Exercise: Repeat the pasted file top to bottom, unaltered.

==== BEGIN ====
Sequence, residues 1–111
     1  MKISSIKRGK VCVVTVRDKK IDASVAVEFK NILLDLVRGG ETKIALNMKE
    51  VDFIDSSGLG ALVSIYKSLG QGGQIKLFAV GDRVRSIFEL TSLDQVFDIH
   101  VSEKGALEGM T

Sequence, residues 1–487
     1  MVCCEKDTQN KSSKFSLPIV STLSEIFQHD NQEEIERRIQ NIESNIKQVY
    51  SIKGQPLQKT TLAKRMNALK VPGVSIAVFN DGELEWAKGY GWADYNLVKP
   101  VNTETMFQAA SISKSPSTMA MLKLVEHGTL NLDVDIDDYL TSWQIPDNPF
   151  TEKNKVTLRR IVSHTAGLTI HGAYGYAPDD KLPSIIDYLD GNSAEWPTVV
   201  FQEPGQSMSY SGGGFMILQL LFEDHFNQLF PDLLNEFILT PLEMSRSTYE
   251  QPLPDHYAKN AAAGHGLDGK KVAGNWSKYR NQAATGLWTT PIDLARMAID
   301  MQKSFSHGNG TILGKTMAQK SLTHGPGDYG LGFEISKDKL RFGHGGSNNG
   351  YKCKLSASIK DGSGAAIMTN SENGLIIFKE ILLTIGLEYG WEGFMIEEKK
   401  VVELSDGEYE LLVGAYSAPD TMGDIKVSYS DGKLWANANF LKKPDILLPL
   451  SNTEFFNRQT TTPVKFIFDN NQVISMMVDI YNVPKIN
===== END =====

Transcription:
Sequence, residues 1–111
     1  MKISSIKRGK VCVVTVRDKK IDASVAVEFK NILLDLVRGG ETKIALNMKE
    51  VDFIDSSGLG ALVSIYKSLG QGGQIKLFAV GDRVRSIFEL TSLDQVFDIH
   101  VSEKGALEGM T

Sequence, residues 1–487
     1  MVCCEKDTQN KSSKFSLPIV STLSEIFQHD NQEEIERRIQ NIESNIKQVY
    51  SIKGQPLQKT TLAKRMNALK VPGVSIAVFN DGELEWAKGY GWADYNLVKP
   101  VNTETMFQAA SISKSPSTMA MLKLVEHGTL NLDVDIDDYL TSWQIPDNPF
   151  TEKNKVTLRR IVSHTAGLTI HGAYGYAPDD KLPSIIDYLD GNSAEWPTVV
   201  FQEPGQSMSY SGGGFMILQL LFEDHFNQLF PDLLNEFILT PLEMSRSTYE
   251  QPLPDHYAKN AAAGHGLDGK KVAGNWSKYR NQAATGLWTT PIDLARMAID
   301  MQKSFSHGNG TILGKTMAQK SLTHGPGDYG LGFEISKDKL RFGHGGSNNG
   351  YKCKLSASIK DGSGAAIMTN SENGLIIFKE ILLTIGLEYG WEGFMIEEKK
   401  VVELSDGEYE LLVGAYSAPD TMGDIKVSYS DGKLWANANF LKKPDILLPL
   451  SNTEFFNRQT TTPVKFIFDN NQVISMMVDI YNVPKIN